Business

Creditinfo Jamaica gets down to business

BY AL EDWARDS

Sunday, April 08, 2012    

Print this page Email A Friend!


CREDITINFO Jamaica is the first company to be approved for a licence to operate a full service credit bureau in Jamaica.

The company was granted a licence by the minister of finance on March 7, 2012 based on the recommendation of the Bank of Jamaica. Creditinfo Jamaica will bring to market within a six-month period a range of products and services that will transform the way credit providers conduct business in Jamaica.

Creditinfo Jamaica is a joint venture between Creditinfo Group Hf of Iceland and local partners Coalesce Credit Solutions Limited.

Speaking at Creditinfo's CEO Breakfast Meeting, held at the Jamaica Pegasus last week, the company's chairman Reynir Gretarsson said he started the Creditinfo parent company with two colleagues back in 1997 as a result of a lack of a centralised credit registry and credit management in Iceland.

"Lending was done on the basis of how people looked and what family they came from. This is not a reliable way to assess a credit risk. My partners have vast experience in this business and in fact sold a company for £240 million to Experion which

is the biggest company in the risk management industry.

"I am now approaching 40 and though that is not very old, I have vast experience in this industry. Jamaica is the fifteenth country that I have been involved with in establishing a credit bureau," said Gretarsson.

He stressed that a credit bureau organisation such as his, has to be flexible when working in small markets and has to adjust to what is specific for that territory. Gretarsson noted that the common credit bureau model in most parts of the world was to just exchange data between banks and the main financial institutions.

As far as Jamaica is concerned, he declared that he wants his company's credit bureau to service the entire business community, integrating all business and consumer information. The aim now is to engage with all the utilities and land registry institutions on the island.

"Creditinfo is currently in 10 countries with our own credit bureaus. Our aim is not to be big but rather to be good. Last year we sold a company in Central Europe, which had about 100 employees because we were not really the best there. We want to be the best wherever we are. My business philosophy is that one should specialise until you become the best and that has worked for us.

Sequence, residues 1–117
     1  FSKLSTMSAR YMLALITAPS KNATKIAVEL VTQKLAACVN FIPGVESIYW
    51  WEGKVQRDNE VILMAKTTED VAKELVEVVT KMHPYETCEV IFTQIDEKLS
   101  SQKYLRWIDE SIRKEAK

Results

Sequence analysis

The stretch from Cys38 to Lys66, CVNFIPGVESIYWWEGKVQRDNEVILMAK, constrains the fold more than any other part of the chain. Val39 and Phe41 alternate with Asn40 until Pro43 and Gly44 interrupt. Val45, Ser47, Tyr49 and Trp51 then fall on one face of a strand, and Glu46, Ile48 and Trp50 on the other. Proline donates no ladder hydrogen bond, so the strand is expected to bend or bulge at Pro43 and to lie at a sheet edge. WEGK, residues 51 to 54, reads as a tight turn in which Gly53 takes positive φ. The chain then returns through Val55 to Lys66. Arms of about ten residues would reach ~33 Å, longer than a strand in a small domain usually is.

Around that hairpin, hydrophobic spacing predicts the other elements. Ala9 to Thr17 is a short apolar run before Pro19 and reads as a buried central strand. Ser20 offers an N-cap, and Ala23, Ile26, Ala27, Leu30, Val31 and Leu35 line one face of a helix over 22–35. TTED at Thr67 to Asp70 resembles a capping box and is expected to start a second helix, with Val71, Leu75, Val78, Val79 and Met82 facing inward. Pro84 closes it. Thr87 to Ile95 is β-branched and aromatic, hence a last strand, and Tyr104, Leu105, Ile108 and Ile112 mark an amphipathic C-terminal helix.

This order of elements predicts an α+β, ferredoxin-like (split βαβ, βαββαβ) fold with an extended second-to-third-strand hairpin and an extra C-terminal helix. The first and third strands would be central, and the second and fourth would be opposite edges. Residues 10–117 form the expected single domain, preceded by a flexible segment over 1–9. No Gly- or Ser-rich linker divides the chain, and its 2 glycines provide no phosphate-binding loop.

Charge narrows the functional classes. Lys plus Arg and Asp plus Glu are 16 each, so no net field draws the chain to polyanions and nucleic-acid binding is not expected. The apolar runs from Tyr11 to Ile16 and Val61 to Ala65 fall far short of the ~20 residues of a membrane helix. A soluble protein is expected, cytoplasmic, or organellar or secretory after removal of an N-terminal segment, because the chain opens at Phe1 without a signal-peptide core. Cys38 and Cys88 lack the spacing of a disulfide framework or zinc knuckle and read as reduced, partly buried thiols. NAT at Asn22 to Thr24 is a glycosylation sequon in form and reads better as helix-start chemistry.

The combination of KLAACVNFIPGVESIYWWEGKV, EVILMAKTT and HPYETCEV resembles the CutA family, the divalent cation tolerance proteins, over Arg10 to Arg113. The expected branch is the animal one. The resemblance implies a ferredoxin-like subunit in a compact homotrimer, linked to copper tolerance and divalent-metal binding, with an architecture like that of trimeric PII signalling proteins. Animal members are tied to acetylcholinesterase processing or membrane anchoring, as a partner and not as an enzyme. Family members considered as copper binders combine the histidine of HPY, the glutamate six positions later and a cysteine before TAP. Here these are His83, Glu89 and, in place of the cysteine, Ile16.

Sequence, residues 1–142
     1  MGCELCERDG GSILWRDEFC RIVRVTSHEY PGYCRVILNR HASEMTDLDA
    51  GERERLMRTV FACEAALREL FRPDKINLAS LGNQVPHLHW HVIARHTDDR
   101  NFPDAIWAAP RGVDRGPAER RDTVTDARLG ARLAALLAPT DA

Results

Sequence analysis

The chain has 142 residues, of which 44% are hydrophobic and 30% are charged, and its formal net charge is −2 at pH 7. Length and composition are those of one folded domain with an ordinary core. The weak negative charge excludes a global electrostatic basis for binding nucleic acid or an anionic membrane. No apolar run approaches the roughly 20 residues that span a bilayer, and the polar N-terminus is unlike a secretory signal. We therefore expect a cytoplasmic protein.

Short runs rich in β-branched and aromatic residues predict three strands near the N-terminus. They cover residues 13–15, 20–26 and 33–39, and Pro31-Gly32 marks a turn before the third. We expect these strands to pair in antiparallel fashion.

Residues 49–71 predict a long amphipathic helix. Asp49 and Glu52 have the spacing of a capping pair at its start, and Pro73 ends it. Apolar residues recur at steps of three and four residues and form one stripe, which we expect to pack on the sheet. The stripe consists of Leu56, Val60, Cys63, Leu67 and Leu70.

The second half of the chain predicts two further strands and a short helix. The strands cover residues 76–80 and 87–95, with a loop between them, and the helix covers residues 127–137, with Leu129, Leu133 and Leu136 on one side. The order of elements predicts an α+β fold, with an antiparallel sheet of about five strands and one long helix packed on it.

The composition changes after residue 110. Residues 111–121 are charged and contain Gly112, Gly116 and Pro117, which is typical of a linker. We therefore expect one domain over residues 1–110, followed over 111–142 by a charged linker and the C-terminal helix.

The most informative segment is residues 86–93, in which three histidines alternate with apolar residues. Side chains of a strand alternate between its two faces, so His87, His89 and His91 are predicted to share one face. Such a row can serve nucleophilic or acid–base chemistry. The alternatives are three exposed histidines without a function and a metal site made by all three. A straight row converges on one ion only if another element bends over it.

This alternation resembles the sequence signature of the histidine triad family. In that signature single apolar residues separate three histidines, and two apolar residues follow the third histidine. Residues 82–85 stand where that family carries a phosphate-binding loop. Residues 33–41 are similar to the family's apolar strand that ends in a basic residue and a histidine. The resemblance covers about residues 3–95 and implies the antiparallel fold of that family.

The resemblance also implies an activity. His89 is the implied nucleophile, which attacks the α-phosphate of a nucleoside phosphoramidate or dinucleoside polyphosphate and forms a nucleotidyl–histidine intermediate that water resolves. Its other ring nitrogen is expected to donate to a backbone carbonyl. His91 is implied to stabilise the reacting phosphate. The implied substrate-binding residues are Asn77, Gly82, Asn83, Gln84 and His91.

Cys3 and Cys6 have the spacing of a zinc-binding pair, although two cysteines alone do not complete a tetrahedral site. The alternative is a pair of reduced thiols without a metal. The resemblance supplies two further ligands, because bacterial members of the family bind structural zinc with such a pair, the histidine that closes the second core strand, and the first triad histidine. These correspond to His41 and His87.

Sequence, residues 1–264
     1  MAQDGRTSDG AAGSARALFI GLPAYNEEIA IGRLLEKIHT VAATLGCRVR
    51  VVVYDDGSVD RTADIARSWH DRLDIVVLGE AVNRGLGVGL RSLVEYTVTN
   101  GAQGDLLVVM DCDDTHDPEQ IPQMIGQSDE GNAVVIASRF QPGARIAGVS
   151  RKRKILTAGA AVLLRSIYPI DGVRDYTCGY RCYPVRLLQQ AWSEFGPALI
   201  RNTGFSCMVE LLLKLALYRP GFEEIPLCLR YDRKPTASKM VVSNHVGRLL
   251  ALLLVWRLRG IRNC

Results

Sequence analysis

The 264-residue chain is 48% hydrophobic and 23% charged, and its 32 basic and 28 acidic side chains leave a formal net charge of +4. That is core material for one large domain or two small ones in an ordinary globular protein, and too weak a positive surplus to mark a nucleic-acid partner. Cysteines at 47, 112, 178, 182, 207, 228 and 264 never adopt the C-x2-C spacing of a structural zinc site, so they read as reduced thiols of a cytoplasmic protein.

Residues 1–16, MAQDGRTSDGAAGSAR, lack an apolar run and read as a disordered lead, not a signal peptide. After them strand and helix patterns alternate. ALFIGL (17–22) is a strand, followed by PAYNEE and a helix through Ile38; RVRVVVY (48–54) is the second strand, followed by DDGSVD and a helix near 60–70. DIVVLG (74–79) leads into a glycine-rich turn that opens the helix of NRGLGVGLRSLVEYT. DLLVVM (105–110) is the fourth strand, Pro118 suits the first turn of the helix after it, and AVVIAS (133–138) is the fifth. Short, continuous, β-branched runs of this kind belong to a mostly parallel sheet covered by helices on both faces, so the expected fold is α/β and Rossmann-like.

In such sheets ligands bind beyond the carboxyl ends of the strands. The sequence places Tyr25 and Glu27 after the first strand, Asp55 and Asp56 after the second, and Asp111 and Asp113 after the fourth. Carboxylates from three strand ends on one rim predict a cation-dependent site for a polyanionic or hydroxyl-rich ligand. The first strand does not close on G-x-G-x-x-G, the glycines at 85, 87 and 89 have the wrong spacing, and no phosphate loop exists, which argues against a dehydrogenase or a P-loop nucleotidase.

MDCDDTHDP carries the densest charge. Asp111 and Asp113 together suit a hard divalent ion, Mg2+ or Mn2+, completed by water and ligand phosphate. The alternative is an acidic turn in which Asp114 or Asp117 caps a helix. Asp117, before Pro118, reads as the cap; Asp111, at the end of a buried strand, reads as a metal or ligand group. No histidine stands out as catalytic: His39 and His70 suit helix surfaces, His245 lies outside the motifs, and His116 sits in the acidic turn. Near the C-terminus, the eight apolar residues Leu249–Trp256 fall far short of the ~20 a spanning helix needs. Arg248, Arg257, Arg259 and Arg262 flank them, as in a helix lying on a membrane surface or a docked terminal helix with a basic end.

"We have around 250 employees and we have revenues of J$1.4 billion with our profits being 25 per cent of that figure. We are financially strong even though we are not very big. Jamaica is now my key project and we will be making it a success," said Creditinfo's chairman.

In a few countries where it enjoys a presence, Creditinfo has been providing software particular to the likes of the IMF, IFC and the World Bank. It doesn't just provide a credit bureau; it also offers services in credit risk management. The company looks to convert the information into intelligence by using decision analytics and scoring models from its experts in Monaco.

In some countries Creditinfo works directly with banks and their internal processes creating scoring models for them. In fact it has a software company in the Czech Republic, which has 70 employees.

Speaking of Jamaica, Gretarsson said: "I told my partners in Monaco that I had found a new market, namely Jamaica. They were initially not happy about it talking about someone who did business there and never got paid. I said I will make the investment there myself if I have to, to which they said no way! They did not want to miss out on a great opportunity. As things are turning out, Jamaica was the right decision."

Creditinfo will not be granted the sole licence to run a credit bureau in Jamaica. There very well may be three other licences granted, thus bringing stiff competition to Creditinfo. How does Gretarsson feel about this prospect?

"It's good for us if we believe we run faster than our competitors. Any horse racer will tell you competition improves your time better than running alone."

Creditinfo Jamaica's CEO Megan Deane said that her company would now be sitting down with many of the country's leading companies and their risk-management teams to give a full perspective of its entire process. She said that the company went through a rigorous vetting process, which took a full year. Gretarsson said in other countries in which they are based, the longest it took was 30 days. Deane stressed that the benefits gained from this exercise cannot be understated and in fact is testimony to why it has the best system because there were other companies that applied for a licence before Creditinfo, but it was approved before them.

She said the company went through the full fit and proper, FBI, Interpol screening. The integrity and capital base of the company was also scrutinised and deemed to be sufficient.

In August 2010, Parliament passed The Credit Reporting Act to "provide for the sharing of credit information between specified bodies, the licensing of credit bureaus and for connected matters".

The Act is created to "ensure that credit reporting is done through reasonable procedures that meet the needs of commerce for credit information in a manner that is fair and equitable to the consumer".

ADVERTISEMENT
ADVERTISEMENT
ADVERTISEMENT

Poll

Did the NWC prepare adequately for the current drought?
Yes
No


View Results »


ADVERTISEMENT

Today's Cartoon

Click image to view full size editorial cartoon
ADVERTISEMENT